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Democratic senators push to raise threshold for snooping

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Two Democratic senators who have been critical of the U.S. government’s recently disclosed surveillance programs will file legislation that would limit the government’s ability to collect data on Americans if it can not show a demonstrated link to terrorism or espionage.

Sens. Mark Udall of Colorado and Ron Wyden of Oregon signaled their intent on Friday in the wake of concerns over a “secret interpretation” of aspects of the 2002 Patriot Act. Former President George W. Bush pushed the legislation to passage in the wake of the terrorist attacks on Sept. 11, 2001, and it has been renewed by Congress based on the belief it has helped the government prevent additional attacks.

Mr. Udall said that while the programs “provide valuable information that helps protect our national security, Americans with no link to terrorism or espionage should not have to worry that their private information is being swept up.”

Edward Snowden, a 29-year-old analyst with access to top-secret information, shocked Washington this month by disclosing that the National Security Agency keeps phone call logs and collects Internet data from foreigners through a hyper-secret program known as Prism.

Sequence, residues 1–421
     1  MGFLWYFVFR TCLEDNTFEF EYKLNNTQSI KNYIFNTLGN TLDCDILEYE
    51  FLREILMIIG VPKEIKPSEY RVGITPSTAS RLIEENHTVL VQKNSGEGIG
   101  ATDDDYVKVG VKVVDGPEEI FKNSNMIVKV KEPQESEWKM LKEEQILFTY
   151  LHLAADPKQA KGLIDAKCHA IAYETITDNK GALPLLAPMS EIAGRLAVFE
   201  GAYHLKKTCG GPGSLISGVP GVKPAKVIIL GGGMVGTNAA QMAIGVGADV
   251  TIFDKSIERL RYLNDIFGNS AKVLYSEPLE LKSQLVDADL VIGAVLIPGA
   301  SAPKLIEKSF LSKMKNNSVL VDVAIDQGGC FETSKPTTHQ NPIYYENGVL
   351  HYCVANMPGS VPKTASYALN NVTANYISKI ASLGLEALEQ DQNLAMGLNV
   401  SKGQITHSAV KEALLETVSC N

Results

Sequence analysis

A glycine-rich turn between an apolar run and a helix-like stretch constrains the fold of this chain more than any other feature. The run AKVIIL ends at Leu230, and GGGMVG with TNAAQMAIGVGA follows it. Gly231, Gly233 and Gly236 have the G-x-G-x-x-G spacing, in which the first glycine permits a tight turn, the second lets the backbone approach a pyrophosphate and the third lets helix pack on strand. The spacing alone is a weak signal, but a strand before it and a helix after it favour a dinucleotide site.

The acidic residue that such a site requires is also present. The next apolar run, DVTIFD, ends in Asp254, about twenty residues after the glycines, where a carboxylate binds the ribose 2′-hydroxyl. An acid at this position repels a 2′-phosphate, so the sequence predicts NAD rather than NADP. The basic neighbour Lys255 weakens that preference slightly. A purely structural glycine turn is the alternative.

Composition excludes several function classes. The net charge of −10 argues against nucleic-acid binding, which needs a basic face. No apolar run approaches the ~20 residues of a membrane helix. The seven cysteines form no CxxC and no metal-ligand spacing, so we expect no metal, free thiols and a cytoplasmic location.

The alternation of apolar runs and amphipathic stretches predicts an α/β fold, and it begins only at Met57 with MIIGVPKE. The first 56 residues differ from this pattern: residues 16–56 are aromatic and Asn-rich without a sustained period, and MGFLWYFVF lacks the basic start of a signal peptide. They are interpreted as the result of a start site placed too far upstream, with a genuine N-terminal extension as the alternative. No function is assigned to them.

Earlier this week, Mr. Wyden said he is not happy with National Intelligence Director James Clapper’s assertion in a March congressional hearing that the government does not “wittingly” collect data on Americans’ phone calls.

Mr. Udall and Mr. Wyden serve on the Senate Select Committee on Intelligence and have questioned whether agents could have procured vital information with less intrusive surveillance programs.

“This legislation will give the government broad authorities to investigate terrorism but will also protect law-abiding Americans from the type of invasive surveillance activities that Sen. Udall and I have been warning about for years,” Mr. Wyden said.

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